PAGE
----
UNF's #1 Student-Run News Source

UNF Spinnaker

UNF's #1 Student-Run News Source

UNF Spinnaker

UNF's #1 Student-Run News Source

UNF Spinnaker

Commentary: Navy treading on endangered waters

The smallest rabbit known to man, the pygmy rabbit, could fit in the palm of a hand – its fluffy fur and big floppy ears balled together to form one adorable little bunny.

Not only was it cute, but the pygmy rabbit also stood apart from every other bunny because it was the lone rabbit to dig its own burrows in deep, loose soil.

That is until they all died.

A native to the Northwest, no one will ever hold a pygmy rabbit again after it became extinct in 2007.

And now Jacksonville holds the fate of another animal in its hands: the right whale. Only 350 right whales remain worldwide, with the majority migrating to the coastal waters off Jacksonville for the winter.

Florida has proven time after time to take a stand for endangered species: establishing the Florida Endangered Species Network, becoming a safe haven for manatees in 1978 with the Florida Manatee Sanctuary Act and supporting dozens of specialized organizations like the Florida Fish and Wildlife Conservation Commission.

And with one in four mammals at risk of extinction, Jacksonville must follow in the footsteps of its past, or the 350 members of the whale species could quickly diminish to none, according to an article in The Independent, a United Kingdom publication.

However, the problem is not with those on land, but those who share the water with the endangered whale.

The Navy named Jacksonville its top site for an underwater sonar training camp in September, which would be used to train ships, submarines, helicopters and planes in antisubmarine warfare, according to a Florida Times-Union report.

But the construction of the underwater 500-square-foot range is set to begin at the start of calving season for the whales – a span that lasts untill April 15. And officials from both Florida and Georgia told the Navy the proposed range would interfere with the crucial time for the whales.

“The waters offshore of Georgia and Northeast Florida are the only known calving ground for the species. Protection of the right whale calving habitat is critical for population recovery,” Georgia Department of Natural Resources Commissioner Noel Holcomb wrote in a response to a draft Navy report on the project.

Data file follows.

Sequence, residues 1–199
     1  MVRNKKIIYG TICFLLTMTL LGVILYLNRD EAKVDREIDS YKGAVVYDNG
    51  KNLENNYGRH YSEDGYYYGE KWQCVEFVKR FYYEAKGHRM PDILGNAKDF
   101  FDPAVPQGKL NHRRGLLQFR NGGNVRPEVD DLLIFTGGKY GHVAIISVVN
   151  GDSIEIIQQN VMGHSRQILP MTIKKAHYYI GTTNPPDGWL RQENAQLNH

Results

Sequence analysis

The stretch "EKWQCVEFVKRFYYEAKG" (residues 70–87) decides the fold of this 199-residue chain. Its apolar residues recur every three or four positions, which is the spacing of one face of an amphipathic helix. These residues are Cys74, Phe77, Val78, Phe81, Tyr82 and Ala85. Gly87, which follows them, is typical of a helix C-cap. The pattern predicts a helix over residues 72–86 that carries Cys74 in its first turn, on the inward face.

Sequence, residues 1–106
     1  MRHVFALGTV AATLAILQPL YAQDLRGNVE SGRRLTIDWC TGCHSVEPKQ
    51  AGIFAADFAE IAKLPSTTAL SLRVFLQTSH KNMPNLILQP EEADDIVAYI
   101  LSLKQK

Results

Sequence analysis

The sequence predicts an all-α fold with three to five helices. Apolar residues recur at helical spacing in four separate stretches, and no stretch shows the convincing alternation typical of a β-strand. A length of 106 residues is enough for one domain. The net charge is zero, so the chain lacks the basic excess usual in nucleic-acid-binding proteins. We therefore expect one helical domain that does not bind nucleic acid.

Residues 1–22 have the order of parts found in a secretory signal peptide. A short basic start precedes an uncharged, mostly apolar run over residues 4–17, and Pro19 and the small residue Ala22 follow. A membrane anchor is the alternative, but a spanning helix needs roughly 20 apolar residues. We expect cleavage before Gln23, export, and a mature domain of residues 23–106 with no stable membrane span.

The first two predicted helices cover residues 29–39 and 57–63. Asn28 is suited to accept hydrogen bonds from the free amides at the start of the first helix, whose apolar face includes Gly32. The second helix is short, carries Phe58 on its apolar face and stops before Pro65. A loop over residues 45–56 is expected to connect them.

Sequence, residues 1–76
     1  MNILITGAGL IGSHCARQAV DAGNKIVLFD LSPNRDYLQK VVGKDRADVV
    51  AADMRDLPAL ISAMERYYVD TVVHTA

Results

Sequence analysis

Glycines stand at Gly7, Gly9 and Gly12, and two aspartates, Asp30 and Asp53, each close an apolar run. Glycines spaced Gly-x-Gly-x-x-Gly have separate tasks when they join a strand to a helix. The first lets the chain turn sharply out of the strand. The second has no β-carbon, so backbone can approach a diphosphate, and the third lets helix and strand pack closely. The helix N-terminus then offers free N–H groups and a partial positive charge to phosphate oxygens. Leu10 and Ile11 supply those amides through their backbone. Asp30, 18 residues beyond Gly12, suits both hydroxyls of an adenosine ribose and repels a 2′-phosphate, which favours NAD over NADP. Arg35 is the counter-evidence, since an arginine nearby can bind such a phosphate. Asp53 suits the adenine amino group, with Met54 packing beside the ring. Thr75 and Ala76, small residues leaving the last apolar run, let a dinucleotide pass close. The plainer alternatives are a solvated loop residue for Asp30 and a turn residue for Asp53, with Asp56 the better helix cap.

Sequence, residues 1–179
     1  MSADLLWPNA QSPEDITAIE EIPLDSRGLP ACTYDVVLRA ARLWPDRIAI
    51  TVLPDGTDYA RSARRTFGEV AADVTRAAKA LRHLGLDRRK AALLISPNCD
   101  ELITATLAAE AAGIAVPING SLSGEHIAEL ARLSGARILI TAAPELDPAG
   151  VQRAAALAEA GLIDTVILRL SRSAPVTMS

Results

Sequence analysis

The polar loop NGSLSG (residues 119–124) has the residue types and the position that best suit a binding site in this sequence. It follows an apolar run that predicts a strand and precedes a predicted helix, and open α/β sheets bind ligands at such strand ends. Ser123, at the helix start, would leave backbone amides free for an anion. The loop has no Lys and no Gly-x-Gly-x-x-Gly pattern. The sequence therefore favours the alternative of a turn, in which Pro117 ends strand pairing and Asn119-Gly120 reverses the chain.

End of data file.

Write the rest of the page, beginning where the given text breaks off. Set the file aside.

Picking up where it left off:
While Navy representatives said the range would be located 50 miles from the shore – outside the critical zone – there is no specific barring on how close the whales stay to the shore.

In 2005, a whale was found 73 miles offshore, according to the Times-Union.

The Navy, whose mission is to maintain the freedom of the seas, should step up to the standards of the city and allow the endangered right whales their freedoms of the sea – their home.

Steps have already been made to protect the whales since the Navy’s announcement in September, including a speed limit law off the eastern coast. Ships entering Jacksonville ports will be kept at 10 knots (11.5 mph) during the calving season with the hope of saving the species from extinction, said Vicki Cornish, the vice president of the Ocean Conservancy group.

The fact is extinction is a real problem – not just a speed bump in the Navy’s plans.

There are more than 16,000 animals listed as endangered on The World Conservation Union’s Red List – a database that keeps track of the status of every species known to man.

Jacksonville officials, partnered with the Navy, have a chance to remove one name from the growing list – but because of restoration to the species, not because of death.

E-mail Holli Welch at [email protected].

Leave a Comment
More to Discover

Comments (0)

Spinnaker intends for this area to be used to foster healthy, thought-provoking discussion. Comments are expected to adhere to our standards and to be respectful and constructive. As such, we do not permit the use of profanity, foul language, personal attacks, slurs, defamation, or the use of language that might be interpreted as libelous. Comments are reviewed and will be removed if they do not adhere to these standards. Spinnaker does not allow anonymous comments, and Spinnaker requires a valid email address. The email address will not be displayed but will be used to confirm your comments.
All UNF Spinnaker Picks Reader Picks Sort: Newest

Your email address will not be published. Required fields are marked *